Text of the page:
With the rise of MarTech and data-driven customer journeys, now more than ever, consumers have come to expect hyper-personalized experiences from West Coast digital natives such as Facebook, Amazon, Netflix and Google. Consider how 44 percent of customers buy from Amazon’s product recommendations, and Netflix not only predicts what shows you might be interested in watching, it now tailors the film thumbnails based on your affinity towards actresses and actors. Google offers a personalized news page based on what you usually read and shopping recommendations from sites you visit and regularly purchase from. The data harvested on us on a minute-by-minute bases even drives what we see in our social media feeds, sparking a national debate.
Despite these developments, we continue to have far fewer expectations when we interact with banks, telcos, traditional retailers, media & entertainment companies and the like. However, all of that is about to change as we enter the next decade.
Imagine your cell phone carrier sending you the perfect international calling plan offer just as you set foot in an international airport based on your past voice, text, and calling usage and travel behaviors. Just when you start to get frustrated or bored with a video game, you receive the perfect tip to rediscover its joys. Or your bank redesigning the layout and staffing plan perfectly tailored for the patrons at your local branch to reduce wait times and increase satisfaction across all lines of service. Main street enterprises understand the opportunity and are putting the necessary capabilities in place to execute.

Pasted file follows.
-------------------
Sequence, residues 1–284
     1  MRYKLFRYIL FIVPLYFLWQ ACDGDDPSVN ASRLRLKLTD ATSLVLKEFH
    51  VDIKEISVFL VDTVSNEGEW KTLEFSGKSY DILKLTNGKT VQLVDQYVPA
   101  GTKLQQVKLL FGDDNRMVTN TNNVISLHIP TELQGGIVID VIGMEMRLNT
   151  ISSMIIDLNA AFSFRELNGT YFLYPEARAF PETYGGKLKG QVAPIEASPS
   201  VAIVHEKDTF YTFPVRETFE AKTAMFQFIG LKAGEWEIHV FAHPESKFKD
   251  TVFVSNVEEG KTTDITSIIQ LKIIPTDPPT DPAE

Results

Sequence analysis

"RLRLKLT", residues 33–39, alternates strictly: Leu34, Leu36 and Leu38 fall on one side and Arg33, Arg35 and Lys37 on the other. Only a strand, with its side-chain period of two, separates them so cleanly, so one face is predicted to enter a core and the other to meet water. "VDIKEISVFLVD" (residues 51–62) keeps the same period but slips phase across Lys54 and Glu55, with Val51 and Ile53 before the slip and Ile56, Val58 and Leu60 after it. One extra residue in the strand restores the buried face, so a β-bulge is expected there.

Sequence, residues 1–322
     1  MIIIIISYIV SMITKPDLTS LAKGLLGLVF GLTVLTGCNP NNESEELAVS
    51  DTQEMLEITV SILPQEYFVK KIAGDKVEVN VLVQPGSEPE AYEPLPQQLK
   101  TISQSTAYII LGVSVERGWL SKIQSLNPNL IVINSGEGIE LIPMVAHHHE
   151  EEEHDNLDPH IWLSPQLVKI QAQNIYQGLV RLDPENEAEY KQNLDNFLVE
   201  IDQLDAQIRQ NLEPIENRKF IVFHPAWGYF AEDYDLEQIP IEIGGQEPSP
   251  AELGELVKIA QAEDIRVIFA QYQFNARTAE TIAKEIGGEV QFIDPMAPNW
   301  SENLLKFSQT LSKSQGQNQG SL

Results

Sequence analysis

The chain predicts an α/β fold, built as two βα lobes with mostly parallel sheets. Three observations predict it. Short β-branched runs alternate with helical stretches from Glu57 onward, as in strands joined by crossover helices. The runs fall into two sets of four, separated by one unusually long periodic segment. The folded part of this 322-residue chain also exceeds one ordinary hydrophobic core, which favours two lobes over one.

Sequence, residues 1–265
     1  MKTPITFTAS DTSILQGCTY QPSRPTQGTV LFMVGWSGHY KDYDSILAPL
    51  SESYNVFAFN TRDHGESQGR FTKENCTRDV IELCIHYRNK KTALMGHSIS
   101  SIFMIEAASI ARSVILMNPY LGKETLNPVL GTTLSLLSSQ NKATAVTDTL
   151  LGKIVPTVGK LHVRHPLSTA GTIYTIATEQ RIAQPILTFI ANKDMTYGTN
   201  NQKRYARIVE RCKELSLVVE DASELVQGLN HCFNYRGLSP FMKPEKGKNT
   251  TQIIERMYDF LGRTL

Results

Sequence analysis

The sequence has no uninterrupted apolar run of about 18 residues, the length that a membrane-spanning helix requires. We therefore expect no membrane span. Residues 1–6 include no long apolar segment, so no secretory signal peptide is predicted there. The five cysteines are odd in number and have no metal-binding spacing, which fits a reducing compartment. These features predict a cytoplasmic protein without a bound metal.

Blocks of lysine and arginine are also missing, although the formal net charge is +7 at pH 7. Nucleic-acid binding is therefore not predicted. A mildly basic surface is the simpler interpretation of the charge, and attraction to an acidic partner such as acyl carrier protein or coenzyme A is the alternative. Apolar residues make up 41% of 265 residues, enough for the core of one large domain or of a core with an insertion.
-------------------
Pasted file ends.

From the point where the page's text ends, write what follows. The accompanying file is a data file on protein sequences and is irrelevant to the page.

An abundance of research now confirms what we all knew intuitively — when companies anticipate our needs and engage in ways that factor in our past interactions, we reward them with more of our business. It’s no surprise that both Gartner and Forrester research lists improving the Customer Experience as a top CMO priority.
Main street enterprises are coming out of the “big data” decade with scars and bruises from various experiments and laisse faire architectures but are stronger for it. Cloud modernization and emerging best practices on digital data management have removed the overwhelming complexity that recently existed, thus ensuring that the fuel required for hyper-personalization is in place.
Turning new sources of digital data into hyper-personalized insights requires machine and deep learning to extract patterns and correlations beyond traditional analytic approaches. AI that was once out of reach is now ubiquitous. Expensive or closely guarded AI software has been replaced with open source AI frameworks. Exotic AI hardware, such as GPUs, that was once only available at universities and Silicon Valley labs are now in the public cloud. A steady stream of automation innovations has begun to bridge the AI skills gap.
Finally, cloud applications are making it significantly easier for Marketers and CX managers to enhance the customer profile, leverage powerful advanced analytics, and seamlessly orchestrate hyper-personalized interactions in real-time across a growing number of customer screens.
Digitization and the resulting customer benefits are soon to be permeating our lives beyond the browser.